Introduction: At the end of life, patients with dementia often experience high levels of pain due to complex interplay of disease processes and numerous barriers to symptom management. In the hospice setting, informal caregivers play an essential role in pain management. This study describes their experience managing pain in hospice patients with dementia. Methods: We conducted a qualitative analysis of audio-recorded interviews with informal caregivers of hospice patients with dementia who had chosen pain as the challenge they wanted to work on within a problem-solving therapy intervention. Results: The thematic analysis of sessions with 51 caregivers identified 4 themes: difficulty in communicating with patients, lack of consistent guidance from health-care professionals, perceived uncertainty about the etiology of pain, and secondary suffering. Discussion: Our findings indicate the possible need for increased support for caregivers, including educational interventions targeting pain etiology and assessment, and improved communication with health-care professionals.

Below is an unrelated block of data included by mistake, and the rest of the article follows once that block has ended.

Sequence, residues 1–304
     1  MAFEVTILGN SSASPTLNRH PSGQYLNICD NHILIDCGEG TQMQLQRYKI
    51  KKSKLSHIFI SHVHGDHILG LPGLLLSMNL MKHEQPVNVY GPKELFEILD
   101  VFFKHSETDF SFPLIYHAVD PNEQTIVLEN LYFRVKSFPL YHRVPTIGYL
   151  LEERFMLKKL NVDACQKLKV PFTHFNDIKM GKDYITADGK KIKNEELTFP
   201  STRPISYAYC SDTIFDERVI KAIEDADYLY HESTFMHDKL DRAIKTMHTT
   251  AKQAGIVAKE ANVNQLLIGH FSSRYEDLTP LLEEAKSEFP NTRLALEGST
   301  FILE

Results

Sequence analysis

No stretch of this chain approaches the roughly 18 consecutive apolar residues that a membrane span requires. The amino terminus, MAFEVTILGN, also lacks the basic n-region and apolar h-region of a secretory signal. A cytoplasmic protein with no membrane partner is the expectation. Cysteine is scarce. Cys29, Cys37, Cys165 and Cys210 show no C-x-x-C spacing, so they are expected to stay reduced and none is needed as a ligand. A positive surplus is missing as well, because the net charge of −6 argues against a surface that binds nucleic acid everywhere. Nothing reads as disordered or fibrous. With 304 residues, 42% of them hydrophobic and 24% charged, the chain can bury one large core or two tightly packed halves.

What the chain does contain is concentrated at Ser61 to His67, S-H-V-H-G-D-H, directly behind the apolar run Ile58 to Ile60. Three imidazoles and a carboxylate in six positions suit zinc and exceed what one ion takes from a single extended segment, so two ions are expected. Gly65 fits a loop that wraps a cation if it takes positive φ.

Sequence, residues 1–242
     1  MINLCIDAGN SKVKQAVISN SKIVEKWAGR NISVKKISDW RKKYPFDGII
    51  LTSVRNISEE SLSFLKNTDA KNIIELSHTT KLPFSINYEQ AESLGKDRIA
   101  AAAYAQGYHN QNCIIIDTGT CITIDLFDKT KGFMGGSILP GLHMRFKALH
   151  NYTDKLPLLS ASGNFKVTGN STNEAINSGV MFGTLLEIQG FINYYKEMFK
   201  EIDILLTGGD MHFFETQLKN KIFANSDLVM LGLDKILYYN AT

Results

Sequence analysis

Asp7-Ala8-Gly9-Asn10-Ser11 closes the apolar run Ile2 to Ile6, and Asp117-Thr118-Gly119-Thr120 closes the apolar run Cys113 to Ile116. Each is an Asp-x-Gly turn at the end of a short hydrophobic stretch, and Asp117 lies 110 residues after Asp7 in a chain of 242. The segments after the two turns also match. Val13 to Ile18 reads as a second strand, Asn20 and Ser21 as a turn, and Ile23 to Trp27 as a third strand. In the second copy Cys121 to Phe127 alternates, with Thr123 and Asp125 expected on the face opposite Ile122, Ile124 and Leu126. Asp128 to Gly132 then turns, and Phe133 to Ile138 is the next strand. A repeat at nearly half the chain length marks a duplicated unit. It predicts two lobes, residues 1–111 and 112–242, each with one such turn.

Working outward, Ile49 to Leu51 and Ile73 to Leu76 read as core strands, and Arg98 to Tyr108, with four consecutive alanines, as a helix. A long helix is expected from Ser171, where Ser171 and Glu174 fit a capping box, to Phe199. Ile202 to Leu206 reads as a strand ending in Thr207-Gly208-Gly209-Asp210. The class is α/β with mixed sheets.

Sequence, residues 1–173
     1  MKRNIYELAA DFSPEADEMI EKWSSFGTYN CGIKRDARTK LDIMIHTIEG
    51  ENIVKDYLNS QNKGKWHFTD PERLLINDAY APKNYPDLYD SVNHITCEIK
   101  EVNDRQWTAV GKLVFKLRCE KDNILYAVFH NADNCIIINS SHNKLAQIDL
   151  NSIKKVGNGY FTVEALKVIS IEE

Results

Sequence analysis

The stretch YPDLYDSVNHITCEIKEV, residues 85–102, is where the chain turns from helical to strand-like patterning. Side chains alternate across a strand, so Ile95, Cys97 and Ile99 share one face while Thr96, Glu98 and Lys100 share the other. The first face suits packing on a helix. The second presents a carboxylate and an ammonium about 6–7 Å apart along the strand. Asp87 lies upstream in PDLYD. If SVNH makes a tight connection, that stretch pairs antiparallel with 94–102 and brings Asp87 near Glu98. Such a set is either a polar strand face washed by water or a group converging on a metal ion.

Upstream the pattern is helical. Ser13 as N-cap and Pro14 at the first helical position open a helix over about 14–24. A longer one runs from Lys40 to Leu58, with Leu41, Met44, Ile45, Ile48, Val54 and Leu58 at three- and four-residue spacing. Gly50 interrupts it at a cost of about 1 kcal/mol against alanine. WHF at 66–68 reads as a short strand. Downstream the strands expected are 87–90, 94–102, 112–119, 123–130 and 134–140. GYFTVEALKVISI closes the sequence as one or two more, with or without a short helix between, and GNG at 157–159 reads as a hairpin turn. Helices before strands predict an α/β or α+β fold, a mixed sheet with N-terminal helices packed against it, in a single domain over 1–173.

|Number of pages||6|
|Journal||American Journal of Alzheimer's Disease and Other Dementias|
|State||Published - Sep 1 2016|
- informal caregivers
- symptom management